Today the N.C. Supreme Court affirmed per curiam a decision by a COA majority holding that a forbearance by a third party was insufficient consideration for an employment contract. The case is Franco v. Liposcience, Inc. Read the COA opinion here.
Richard Franco, Jr. was the VP of marketing at Liposcience, and his dad, Franco, Sr., was Chairman of the Board. Franco, Sr. was removed by the Board of Directors, and in connection with that removal Franco Sr. entered into a severance agreement with Liposcience through a severance letter. In December 2002 the incoming Chairman sent a "no retaliation letter" to Franco, Jr., stating that Liposcience wouldn't take any adverse employment action against him based on thisrelationship with Franco Sr.
Sure enough, Franco, Jr. was let go from Liposcience in February 2004. He claimed that his termination was due to his connection to his dad, who had allegedly begun making "accountability inquiries" to Liposcience employees. Franco Jr. sued Liposcience, claiming that the no retaliation letter formed a binding agreement between him and Liposcience, which Liposcience breached when they fired him.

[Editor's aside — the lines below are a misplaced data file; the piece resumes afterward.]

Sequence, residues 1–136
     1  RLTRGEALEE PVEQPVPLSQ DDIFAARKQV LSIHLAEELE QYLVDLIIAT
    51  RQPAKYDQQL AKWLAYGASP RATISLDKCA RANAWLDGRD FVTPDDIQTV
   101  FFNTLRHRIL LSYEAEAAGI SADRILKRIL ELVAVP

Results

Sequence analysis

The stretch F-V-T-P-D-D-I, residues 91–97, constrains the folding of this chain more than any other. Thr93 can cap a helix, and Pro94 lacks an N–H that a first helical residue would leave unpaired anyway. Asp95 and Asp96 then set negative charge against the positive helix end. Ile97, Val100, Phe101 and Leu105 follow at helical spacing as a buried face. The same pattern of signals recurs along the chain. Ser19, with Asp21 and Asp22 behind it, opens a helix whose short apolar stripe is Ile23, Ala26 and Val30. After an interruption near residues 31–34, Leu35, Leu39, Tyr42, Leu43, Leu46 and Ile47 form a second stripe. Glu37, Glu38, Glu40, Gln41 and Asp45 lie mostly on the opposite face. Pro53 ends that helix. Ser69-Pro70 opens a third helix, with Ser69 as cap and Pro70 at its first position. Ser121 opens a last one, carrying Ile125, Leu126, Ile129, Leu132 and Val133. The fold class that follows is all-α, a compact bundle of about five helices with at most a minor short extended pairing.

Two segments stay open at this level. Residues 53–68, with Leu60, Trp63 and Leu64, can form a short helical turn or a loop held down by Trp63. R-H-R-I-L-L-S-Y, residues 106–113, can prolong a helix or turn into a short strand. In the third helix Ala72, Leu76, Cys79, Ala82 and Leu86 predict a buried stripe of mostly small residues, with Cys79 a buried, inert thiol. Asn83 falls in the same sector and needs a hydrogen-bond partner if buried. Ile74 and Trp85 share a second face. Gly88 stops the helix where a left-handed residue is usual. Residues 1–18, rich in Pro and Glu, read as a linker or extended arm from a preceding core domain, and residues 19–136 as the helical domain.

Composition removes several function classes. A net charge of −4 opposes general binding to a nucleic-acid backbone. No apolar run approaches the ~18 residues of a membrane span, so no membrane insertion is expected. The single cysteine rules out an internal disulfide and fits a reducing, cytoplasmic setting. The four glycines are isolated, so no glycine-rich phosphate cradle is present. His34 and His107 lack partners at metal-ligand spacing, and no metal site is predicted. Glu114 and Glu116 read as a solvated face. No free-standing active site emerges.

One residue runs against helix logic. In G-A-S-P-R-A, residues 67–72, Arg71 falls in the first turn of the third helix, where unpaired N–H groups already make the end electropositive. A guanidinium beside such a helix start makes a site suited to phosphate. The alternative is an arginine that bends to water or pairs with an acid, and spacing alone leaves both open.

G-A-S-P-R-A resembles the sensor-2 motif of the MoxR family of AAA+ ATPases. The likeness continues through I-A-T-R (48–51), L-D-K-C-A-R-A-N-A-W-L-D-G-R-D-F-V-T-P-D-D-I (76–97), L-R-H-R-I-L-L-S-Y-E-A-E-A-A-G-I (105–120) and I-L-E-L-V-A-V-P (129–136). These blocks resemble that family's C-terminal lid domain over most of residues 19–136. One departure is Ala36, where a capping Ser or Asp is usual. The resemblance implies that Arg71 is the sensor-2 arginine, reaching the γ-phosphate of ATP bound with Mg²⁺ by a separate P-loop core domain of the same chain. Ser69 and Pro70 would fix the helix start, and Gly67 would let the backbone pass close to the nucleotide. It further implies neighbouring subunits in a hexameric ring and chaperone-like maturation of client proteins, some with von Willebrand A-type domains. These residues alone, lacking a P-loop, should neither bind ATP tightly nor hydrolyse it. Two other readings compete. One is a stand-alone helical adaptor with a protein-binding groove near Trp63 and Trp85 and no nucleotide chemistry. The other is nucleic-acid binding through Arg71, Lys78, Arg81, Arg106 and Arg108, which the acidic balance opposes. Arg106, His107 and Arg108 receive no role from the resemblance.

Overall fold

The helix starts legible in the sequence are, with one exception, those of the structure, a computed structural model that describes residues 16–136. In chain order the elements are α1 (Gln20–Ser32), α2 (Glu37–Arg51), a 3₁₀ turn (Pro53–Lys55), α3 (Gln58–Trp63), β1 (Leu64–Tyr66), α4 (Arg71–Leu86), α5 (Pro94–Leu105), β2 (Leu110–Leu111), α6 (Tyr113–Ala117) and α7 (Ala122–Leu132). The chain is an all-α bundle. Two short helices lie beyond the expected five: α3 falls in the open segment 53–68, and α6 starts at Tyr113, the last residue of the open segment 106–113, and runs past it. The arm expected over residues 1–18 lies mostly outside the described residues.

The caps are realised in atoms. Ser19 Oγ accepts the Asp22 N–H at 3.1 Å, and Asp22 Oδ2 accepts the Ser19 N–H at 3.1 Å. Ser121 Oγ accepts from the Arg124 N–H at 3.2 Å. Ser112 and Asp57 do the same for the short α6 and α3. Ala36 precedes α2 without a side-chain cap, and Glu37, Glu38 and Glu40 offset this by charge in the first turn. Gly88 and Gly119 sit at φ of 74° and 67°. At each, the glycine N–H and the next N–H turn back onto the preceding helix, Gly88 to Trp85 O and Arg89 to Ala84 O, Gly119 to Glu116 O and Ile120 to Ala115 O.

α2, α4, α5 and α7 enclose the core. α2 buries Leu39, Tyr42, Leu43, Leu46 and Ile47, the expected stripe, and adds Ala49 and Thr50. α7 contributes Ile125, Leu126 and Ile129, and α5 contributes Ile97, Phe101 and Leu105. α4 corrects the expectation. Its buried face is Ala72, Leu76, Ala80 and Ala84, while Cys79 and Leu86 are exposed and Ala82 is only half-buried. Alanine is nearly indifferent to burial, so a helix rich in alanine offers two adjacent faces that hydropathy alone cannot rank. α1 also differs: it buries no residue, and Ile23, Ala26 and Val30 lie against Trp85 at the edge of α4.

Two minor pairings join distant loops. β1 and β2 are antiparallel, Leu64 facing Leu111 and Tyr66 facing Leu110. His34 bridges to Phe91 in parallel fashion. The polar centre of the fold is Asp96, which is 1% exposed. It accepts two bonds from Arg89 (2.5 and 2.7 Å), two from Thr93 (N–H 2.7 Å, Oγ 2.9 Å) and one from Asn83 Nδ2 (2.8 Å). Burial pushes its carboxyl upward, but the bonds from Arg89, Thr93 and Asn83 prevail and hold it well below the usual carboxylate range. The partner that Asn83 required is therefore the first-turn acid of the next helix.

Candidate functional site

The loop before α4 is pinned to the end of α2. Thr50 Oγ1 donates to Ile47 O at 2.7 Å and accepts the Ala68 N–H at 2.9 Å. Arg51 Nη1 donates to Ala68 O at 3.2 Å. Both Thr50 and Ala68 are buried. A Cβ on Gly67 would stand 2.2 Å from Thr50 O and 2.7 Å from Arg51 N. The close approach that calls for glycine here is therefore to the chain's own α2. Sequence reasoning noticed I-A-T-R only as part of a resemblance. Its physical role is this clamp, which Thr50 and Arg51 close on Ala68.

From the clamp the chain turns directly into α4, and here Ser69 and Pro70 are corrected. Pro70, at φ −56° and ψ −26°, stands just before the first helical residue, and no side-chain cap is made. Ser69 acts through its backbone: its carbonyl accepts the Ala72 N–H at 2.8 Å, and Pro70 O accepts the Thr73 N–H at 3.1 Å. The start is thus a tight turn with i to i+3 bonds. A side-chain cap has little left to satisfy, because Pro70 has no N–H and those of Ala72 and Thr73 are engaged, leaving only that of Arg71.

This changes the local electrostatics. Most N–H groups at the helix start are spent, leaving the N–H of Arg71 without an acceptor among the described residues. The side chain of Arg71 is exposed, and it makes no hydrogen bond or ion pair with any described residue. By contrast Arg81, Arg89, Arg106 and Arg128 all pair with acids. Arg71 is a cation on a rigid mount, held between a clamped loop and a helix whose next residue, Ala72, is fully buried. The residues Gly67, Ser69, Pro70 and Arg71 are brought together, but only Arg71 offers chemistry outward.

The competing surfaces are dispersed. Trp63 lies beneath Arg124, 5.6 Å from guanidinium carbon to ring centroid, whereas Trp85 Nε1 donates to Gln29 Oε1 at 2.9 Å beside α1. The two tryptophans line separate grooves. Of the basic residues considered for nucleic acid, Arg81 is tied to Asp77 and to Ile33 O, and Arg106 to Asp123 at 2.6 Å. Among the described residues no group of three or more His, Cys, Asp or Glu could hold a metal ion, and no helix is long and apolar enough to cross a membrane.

The COA majority (Judges Wynn and Hunter) held that any promise by Liposcience that it wouldn't retaliate against Franco Jr. did not constitute any additional obligations on the part of Liposcience - Franco Jr. was already employed, and the letter didn't change any of his rights or benefits. Mere continued employment was thus insufficient consideration to form a binding agreement, and the no retaliation letter was not a valid contract.
Franco Jr. argued that consideration was supplied by Franco Sr. as a third-party beneficiary, because Franco Sr. negotiated for the no retaliation letter in connection with his severance agreement. But the COA majority noted that any promises in the no retaliation letter were not incorporated or made binding in Franco Sr.'s severance letter - the severance letter contained a merger clause but did not contain a reference to the no retaliation letter. The majority further noted that no applicable NC case law supported the notion that consideration could be found through action or lack of action by a third party, and that Franco Sr. was not a party to the action and had not sought to enforce his rights in any other lawsuit.
Judge Ervin dissented, saying that a forbearance of a third party may be sufficient to create consideration. Franco Sr. surrendered his right to pursue legal action against Liposcience related to his removal from the Board, and Judge Ervin explained that an email exchange between Franco Sr. and Liposcienceshowed that the severance letter referred to or included provisions of the retaliation letter. Judge Ervin reasoned that finding consideration here did not undermine the doctrine of at-will employment, but instead enforces freedom of contract. To the contrary, he explained, finding no consideration "substantially under[mines] a significant component of the bargain Franco Sr. made with Liposcience."